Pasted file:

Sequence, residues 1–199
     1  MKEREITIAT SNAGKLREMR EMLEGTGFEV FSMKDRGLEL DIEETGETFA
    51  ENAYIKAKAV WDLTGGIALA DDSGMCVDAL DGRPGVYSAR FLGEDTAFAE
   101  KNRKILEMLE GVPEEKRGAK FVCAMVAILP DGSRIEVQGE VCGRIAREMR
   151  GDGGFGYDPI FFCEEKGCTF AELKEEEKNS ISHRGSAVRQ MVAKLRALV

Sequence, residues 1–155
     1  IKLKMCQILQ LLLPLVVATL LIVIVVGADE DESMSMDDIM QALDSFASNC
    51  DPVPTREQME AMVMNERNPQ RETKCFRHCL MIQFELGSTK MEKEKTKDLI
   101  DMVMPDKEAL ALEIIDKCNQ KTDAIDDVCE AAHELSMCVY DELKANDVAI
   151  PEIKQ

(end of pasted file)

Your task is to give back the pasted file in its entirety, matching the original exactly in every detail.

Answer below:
Sequence, residues 1–199
     1  MKEREITIAT SNAGKLREMR EMLEGTGFEV FSMKDRGLEL DIEETGETFA
    51  ENAYIKAKAV WDLTGGIALA DDSGMCVDAL DGRPGVYSAR FLGEDTAFAE
   101  KNRKILEMLE GVPEEKRGAK FVCAMVAILP DGSRIEVQGE VCGRIAREMR
   151  GDGGFGYDPI FFCEEKGCTF AELKEEEKNS ISHRGSAVRQ MVAKLRALV

Sequence, residues 1–155
     1  IKLKMCQILQ LLLPLVVATL LIVIVVGADE DESMSMDDIM QALDSFASNC
    51  DPVPTREQME AMVMNERNPQ RETKCFRHCL MIQFELGSTK MEKEKTKDLI
   101  DMVMPDKEAL ALEIIDKCNQ KTDAIDDVCE AAHELSMCVY DELKANDVAI
   151  PEIKQ